NEW YORK, NY – On Thursday, June 13th, members of the Brooklyn Academy of Music (BAM) staff voted in favor of unionization for administrative full-time and part-time workers. The certified election results will mean the workers will join UAW Local 2110, alongside workers in other cultural institutions such as the New Museum, the Tenement Museum, the Museum of Modern Art, the Bronx Museum of the Arts, and the New-York Historical Society.
Emily Searles, a BAM staffer, told LaborPress, “We had an 82% yes vote. We’re on cloud nine. We started a long time ago, very grass roots – started talking about what we could do to improve our situation.” 119 were in favor and 26 were opposed, and a total of 176 people are in the unit that will be in the union. Earlier this month, she told LaborPress, ““The push for unionizing, in the first place, was because we’ve noticed a lack of transparency around things like employee departures, staffing changes and benefits, baseline compensation, annual increases or promotions, and so, while we were hoping for a neutrality agreement to be reached, I wasn’t expecting voluntary recognition either.” They join other unionized workers at BAM represented by IATSE and DC37 AFSCME.
The staff involved include such roles as cinema floor staff, box office, ticket concession stands, ticketing services for live performances, and those who talk to customers over the phone, including the telefundraising team.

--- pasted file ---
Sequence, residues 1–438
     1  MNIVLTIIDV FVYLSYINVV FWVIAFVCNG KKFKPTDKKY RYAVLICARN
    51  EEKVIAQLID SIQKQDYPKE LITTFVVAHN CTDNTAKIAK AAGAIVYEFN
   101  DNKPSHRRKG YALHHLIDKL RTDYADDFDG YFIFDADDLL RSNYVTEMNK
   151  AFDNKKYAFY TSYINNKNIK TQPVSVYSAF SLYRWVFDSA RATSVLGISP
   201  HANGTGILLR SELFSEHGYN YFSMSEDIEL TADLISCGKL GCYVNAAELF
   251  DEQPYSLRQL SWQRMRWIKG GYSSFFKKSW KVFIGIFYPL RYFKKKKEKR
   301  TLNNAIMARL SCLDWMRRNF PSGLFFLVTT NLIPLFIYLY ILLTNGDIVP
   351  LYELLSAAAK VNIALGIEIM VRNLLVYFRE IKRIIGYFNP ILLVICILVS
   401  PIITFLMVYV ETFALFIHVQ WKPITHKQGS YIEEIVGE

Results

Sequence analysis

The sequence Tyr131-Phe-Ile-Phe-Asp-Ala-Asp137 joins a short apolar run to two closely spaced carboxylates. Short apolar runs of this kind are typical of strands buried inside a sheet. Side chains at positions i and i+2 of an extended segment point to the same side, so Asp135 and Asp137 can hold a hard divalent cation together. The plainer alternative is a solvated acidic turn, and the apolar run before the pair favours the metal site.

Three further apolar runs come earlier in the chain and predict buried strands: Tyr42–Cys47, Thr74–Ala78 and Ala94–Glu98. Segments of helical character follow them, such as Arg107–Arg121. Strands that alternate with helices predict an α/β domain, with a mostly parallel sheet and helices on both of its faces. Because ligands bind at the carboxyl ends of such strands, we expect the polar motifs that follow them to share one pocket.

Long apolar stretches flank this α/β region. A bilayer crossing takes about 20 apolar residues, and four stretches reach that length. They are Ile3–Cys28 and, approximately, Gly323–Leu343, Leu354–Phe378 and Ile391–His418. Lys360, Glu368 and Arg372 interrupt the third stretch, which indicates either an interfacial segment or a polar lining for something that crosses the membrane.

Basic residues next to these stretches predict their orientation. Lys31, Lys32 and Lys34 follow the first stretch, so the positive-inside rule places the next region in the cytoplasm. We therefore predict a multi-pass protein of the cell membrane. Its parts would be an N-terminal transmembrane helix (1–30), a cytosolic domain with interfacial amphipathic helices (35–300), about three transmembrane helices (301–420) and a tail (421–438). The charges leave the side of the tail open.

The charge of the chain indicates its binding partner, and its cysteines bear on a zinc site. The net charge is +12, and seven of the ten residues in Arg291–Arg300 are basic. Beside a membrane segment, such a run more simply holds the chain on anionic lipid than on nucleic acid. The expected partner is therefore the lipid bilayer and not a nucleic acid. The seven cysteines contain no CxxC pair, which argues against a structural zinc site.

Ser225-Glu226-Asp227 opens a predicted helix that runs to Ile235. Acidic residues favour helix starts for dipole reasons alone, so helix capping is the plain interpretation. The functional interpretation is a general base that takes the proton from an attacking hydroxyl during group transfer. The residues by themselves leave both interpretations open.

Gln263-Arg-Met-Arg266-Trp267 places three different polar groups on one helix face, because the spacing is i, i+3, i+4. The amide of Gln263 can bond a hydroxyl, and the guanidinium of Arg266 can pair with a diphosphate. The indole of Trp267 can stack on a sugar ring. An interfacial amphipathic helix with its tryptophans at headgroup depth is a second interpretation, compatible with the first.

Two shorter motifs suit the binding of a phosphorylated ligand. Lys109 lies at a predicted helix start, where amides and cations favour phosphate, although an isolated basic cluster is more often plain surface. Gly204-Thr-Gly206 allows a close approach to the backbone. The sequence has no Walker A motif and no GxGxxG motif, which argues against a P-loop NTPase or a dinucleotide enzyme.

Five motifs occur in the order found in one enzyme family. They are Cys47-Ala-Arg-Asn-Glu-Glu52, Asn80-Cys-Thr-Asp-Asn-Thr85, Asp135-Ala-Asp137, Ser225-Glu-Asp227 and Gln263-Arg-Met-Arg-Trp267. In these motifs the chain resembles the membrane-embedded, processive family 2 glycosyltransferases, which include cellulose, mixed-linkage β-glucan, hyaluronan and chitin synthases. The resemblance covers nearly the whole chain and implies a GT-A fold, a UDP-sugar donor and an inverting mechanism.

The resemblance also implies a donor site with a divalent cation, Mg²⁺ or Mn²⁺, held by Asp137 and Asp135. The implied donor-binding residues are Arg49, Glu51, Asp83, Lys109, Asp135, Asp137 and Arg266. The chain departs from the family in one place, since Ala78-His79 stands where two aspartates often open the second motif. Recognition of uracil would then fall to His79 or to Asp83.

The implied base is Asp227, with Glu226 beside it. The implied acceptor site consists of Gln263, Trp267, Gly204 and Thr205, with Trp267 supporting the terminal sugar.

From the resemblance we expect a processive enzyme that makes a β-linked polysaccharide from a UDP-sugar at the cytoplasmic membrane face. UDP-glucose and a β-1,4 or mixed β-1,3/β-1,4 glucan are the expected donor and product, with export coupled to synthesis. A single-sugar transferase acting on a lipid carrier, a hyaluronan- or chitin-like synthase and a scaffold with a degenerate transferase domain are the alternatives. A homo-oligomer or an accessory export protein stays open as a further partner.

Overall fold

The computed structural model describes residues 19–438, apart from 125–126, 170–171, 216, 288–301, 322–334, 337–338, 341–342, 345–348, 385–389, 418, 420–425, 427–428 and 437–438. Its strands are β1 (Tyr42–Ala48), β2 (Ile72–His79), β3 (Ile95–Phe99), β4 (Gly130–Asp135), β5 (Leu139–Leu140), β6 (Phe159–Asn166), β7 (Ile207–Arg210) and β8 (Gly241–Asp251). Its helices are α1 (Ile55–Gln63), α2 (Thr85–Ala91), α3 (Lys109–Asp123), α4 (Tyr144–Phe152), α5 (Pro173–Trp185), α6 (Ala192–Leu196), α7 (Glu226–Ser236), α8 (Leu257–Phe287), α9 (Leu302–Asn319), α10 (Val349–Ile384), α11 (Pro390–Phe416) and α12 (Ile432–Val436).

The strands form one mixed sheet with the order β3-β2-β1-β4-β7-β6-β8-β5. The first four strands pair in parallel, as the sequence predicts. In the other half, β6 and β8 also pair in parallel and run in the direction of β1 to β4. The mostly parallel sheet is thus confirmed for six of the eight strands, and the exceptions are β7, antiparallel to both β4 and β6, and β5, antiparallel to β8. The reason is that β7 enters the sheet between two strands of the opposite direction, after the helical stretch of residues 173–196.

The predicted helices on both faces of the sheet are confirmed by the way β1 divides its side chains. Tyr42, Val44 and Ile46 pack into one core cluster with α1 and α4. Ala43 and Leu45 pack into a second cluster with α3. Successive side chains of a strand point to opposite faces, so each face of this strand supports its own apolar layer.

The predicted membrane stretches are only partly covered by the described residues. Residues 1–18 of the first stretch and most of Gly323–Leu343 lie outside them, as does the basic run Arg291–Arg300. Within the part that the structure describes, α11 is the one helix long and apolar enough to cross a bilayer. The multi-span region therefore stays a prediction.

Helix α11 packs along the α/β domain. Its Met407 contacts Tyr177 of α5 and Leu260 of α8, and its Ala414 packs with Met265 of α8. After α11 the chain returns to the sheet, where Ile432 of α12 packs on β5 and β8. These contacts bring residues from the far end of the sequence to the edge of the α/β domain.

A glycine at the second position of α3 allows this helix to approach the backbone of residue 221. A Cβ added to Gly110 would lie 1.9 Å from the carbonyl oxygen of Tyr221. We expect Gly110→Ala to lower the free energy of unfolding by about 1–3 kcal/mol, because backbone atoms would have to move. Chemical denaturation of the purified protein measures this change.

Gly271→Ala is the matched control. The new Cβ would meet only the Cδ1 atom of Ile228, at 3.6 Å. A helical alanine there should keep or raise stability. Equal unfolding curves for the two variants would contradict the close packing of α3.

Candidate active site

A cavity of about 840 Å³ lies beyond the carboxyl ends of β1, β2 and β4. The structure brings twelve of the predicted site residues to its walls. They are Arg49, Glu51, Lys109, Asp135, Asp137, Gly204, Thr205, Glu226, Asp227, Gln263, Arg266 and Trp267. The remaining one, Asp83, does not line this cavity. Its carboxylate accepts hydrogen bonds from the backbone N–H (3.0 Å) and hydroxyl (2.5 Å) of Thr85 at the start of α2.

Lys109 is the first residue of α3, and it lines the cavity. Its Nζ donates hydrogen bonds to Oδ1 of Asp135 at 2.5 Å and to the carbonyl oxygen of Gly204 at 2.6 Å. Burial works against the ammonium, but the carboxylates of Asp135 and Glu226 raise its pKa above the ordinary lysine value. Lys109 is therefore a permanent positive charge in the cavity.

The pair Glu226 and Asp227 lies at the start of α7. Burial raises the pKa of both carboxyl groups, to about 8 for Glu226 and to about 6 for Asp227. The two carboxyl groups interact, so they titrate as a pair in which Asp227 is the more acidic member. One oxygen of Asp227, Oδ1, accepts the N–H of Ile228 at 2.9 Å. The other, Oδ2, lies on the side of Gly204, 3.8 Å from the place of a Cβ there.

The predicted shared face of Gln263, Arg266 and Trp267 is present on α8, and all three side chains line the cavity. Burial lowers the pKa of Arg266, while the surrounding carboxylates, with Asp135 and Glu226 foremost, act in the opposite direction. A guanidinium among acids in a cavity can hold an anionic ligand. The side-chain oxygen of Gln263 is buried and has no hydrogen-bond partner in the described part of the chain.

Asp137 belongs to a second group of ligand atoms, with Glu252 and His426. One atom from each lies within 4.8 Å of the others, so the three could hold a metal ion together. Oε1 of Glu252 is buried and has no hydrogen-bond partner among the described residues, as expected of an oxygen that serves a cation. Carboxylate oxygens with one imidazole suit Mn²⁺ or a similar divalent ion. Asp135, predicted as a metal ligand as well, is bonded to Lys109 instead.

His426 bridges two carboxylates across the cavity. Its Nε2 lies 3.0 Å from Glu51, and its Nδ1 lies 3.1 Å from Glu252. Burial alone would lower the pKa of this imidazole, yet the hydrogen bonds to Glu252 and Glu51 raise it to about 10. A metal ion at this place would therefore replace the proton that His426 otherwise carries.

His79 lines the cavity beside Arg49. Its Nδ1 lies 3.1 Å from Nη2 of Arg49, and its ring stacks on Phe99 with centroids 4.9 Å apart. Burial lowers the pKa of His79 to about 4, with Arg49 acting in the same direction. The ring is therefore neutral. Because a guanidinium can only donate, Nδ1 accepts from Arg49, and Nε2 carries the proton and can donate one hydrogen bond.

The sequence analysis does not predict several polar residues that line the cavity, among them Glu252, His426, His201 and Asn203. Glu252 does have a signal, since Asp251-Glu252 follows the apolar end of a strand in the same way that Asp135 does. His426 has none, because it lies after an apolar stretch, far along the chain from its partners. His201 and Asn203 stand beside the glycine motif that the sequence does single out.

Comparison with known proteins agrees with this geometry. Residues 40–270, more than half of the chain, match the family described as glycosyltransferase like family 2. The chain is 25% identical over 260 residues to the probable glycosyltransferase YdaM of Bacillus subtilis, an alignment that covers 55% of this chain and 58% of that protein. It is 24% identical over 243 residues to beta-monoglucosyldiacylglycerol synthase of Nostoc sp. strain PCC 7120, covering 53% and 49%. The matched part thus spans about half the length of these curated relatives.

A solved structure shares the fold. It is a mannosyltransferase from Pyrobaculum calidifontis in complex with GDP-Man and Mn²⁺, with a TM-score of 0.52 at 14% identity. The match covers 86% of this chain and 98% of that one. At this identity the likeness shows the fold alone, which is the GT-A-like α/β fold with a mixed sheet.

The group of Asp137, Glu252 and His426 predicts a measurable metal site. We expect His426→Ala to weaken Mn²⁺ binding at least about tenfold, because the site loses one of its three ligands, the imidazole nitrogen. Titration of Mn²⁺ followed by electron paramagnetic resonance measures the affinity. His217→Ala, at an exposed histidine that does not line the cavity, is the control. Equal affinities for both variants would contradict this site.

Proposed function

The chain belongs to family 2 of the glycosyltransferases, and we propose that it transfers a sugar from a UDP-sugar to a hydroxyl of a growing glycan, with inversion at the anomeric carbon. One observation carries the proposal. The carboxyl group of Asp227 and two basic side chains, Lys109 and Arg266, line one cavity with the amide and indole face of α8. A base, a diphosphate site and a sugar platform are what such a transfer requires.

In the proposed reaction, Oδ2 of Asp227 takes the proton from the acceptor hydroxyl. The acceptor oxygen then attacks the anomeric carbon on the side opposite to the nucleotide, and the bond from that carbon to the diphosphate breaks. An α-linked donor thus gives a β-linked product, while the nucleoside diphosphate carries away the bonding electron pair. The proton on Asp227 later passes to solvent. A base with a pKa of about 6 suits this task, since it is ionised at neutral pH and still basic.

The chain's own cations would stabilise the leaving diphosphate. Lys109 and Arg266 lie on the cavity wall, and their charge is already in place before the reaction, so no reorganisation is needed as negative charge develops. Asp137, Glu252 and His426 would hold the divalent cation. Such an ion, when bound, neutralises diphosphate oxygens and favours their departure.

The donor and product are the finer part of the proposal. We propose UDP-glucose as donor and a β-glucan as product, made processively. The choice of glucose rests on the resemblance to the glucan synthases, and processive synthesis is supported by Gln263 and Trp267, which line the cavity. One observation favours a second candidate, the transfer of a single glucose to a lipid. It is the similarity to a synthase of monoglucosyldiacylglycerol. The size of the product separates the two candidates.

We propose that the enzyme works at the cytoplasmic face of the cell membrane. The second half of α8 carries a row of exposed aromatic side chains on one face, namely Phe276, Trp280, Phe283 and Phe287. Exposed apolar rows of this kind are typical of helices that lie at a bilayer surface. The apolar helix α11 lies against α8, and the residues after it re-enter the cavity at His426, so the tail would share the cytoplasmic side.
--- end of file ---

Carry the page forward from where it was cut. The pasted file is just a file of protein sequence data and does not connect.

Warren Ng, a ticket services representative, said: “I have many colleagues who have quietly and loyally worked at BAM for 5 to 10 years, in a few cases as many as 20, and they’re still struggling to get by on low or stagnant wages, reduced hours, little to no benefits, and a precarious sense of security. Unionizing addresses these issues in a real way for those here now and those that will work here in the future.”
Kaitlyn Chandler, a video editor and motion designer who has been employed at BAM for over three years, said: “This is an important step for BAM. We can finally put our progressive values into action in the form of a contract where workers, who are the brick and mortar of BAM, can have a say in their own compensation, benefits, and conditions.”
Richard Serrano, a research manager in the major gifts department, said: “I’ve worked at BAM for 25 years and it’s been very clear to me that wages at BAM have not kept pace with the cost of living in New York City. Unionizing was and is imperative to improve the economic situation of our newer staff members.”
Maida Rosentstein, President of UAW Local 2110, said, “I think it’s very inspiring to workers to stand together like that and organize and in such overwhelming numbers. It’s a vote that will resonate with other workers and other educational and cultural institutions in the city. The next steps are to get ready for negotiations.”
Said Searles, “We’re doing this because we love the institution so much. We stand for diversity, equity, and inclusion.”
Election results will be officially certified by the National Labor Relations Board in seven days..